Consumer prices in Ireland fell by 0.3% in the year to December, providing a welcome boost to the real income of Irish households. Prices also fell across the euro area, declining by an average 0.2%  Good news then, one might think, so consumers may well be puzzled by the reaction of policy makers, with the ECB announcing its intention to take further action in order to raise prices and boost the  euro  inflation rate  towards 2% per annum, citing the risk of deflation as the catalyst for the move. Why are falling prices deemed a bad thing when central banks have spent most of the last fifty years worrying about the problems caused by rising prices?

Not everyone is convinced that deflation currently exists in Europe because the concept involves the notion of a persistent fall in prices rather than a short term period of negative inflation. This in turn depends on what is causing prices to fall – is it in response to a supply shock such as a rise in oil production (which some economists have termed ‘good deflation’) or as a consequence of falling demand (‘bad deflation’.) Looking at the Irish CPI it is clear that a key factor is the sharp decline in global commodity  prices , which started in earnest over the summer months and has resulted in declining food prices ( down 2.7% in the year to December) and energy costs ( down 5.5%). The latter has further to fall and largely for that reason most forecasts  envisage the annual inflation rate staying negative in Ireland and across the euro area for at least the first half of 2015.

If one excludes energy and unprocessed food Irish prices rose, albeit by a modest 0.5%, and this points to the case  against the prospect of deflation – energy prices will not fall for ever and so the deflationary impact on the CPI will eventually fade. Goods prices account for less than  half of the Irish CPI (45%) and the price of services is still rising ( up 1.7% or 2.8% excluding mortgages) so a sustained fall in  the CPI would probably in turn require a prolonged and heavy  fall in wages. Ireland has seen a  modest fall in wages on one measure (the micro data at industry level) but not on another (the aggregate wage figure used in the national accounts)  while wage growth is positive on average across the euro area.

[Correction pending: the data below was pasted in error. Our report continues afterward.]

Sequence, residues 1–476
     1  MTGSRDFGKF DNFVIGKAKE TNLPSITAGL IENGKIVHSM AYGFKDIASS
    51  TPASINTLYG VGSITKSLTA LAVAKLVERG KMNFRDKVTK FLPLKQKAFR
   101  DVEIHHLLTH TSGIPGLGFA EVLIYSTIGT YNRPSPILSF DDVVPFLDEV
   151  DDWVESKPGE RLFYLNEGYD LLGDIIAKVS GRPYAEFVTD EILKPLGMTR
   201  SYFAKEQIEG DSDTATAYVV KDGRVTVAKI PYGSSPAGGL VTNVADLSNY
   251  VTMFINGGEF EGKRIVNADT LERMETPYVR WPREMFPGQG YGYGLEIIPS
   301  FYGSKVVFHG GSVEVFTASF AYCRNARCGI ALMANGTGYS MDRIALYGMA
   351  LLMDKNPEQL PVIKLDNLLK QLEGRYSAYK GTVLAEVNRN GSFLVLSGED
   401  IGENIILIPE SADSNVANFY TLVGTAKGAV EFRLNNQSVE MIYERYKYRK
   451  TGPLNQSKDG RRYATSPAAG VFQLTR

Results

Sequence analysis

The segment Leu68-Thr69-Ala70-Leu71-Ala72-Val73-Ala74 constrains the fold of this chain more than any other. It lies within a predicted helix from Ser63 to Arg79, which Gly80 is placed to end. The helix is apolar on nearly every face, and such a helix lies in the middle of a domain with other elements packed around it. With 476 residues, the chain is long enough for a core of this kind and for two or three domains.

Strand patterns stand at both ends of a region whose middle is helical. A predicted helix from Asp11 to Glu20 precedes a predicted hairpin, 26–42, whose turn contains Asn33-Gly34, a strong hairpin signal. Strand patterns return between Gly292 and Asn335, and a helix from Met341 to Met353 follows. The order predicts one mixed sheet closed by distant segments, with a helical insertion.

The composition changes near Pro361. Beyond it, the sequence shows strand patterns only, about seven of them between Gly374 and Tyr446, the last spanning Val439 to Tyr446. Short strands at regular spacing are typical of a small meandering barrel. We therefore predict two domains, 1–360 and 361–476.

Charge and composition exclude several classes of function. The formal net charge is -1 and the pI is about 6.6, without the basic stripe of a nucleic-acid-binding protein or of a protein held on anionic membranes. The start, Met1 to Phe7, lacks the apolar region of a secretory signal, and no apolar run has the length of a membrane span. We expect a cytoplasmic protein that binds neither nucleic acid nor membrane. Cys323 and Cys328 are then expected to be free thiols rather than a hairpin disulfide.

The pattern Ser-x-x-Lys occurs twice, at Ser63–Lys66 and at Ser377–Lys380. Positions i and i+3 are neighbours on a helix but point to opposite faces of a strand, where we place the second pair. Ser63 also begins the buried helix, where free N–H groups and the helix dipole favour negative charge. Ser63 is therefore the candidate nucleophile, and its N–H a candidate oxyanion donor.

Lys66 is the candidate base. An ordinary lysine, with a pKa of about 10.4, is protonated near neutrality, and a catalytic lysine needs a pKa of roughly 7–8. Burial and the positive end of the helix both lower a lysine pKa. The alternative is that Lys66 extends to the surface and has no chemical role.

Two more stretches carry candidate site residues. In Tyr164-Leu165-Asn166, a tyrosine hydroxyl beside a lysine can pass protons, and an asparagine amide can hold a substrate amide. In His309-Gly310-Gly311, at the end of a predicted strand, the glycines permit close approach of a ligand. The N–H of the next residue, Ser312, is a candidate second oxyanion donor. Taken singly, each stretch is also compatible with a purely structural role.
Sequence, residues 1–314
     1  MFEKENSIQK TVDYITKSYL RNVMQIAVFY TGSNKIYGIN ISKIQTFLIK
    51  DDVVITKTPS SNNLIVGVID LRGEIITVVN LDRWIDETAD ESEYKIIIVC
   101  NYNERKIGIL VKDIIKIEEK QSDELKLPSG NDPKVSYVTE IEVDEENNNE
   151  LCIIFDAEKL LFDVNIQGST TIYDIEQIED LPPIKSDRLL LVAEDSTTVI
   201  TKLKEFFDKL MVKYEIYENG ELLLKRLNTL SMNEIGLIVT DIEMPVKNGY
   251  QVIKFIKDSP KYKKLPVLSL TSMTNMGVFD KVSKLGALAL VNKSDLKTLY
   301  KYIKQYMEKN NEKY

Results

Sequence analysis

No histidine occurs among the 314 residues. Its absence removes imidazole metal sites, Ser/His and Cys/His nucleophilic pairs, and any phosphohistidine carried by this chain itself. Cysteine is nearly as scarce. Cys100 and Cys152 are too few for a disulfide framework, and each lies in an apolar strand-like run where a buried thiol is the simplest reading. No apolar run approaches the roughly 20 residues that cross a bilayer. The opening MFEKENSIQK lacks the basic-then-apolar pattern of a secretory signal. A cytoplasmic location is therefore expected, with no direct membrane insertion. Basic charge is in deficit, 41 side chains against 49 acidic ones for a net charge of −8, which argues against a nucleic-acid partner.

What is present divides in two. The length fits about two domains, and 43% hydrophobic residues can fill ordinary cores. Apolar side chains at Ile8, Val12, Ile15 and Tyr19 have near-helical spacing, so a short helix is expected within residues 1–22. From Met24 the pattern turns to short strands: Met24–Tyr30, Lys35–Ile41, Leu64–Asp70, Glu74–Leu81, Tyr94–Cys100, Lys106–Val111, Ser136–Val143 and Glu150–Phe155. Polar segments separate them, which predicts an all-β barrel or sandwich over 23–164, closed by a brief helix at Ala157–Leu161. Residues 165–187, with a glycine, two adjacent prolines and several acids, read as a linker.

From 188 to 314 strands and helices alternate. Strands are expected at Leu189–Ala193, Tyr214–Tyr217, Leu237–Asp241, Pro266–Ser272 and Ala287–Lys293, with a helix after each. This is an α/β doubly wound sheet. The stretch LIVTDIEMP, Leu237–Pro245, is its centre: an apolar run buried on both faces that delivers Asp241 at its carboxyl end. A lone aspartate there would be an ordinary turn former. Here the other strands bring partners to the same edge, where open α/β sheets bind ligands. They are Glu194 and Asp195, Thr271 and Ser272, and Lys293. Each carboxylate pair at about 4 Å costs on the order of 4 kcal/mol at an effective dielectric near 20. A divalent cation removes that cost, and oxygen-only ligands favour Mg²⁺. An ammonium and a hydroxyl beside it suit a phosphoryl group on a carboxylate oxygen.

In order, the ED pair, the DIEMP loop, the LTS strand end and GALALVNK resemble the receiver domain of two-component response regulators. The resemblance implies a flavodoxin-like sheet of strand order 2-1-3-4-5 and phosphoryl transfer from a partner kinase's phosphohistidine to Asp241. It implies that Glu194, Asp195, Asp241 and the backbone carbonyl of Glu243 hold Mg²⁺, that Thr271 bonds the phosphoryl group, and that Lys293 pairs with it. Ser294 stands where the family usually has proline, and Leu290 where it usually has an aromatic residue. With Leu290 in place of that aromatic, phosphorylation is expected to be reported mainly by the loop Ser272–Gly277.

The performance of  euro equity markets would also suggest that deflation is not a base case,  and the ECB concurs, although stressing that the risks have risen. Modern experience of deflation is limited to Japan but prices also fell steadily during the Great Depression in the US and elsewhere, which has contributed to the association of falling prices with very negative developments in the real economy. The argument partly focuses on expectations , with households and firms postponing consumption and investment in anticipation of lower prices  next year. Deflation will also  affect real interest rates as nominal rates for most borrowers are bounded at or close to zero, implying real rates will rise if the price level falls. This would increase savings and reduce consumption and investment.Similarly, if nominal prices and incomes fall the real burden of household and government debt rises, a particular concern given the current scale of outstanding debt.

The expectations element in deflation has made central banks, including the ECB, very keen to monitor the private sector’s view on future prices. That can be hard to gauge (surveys tend to be strongly influenced by the recent trend) which makes market-based measures ( inflation swaps or derived from nominal versus real bond  yields)  popular as they can be monitored in real time. On that basis the US market is expecting inflation  to average around 1.5% a year for rhe next decade while the ECB’s favourite measure suggests euro investors expect inflation in 5-years time to also average around 1.5% over the following 5 years.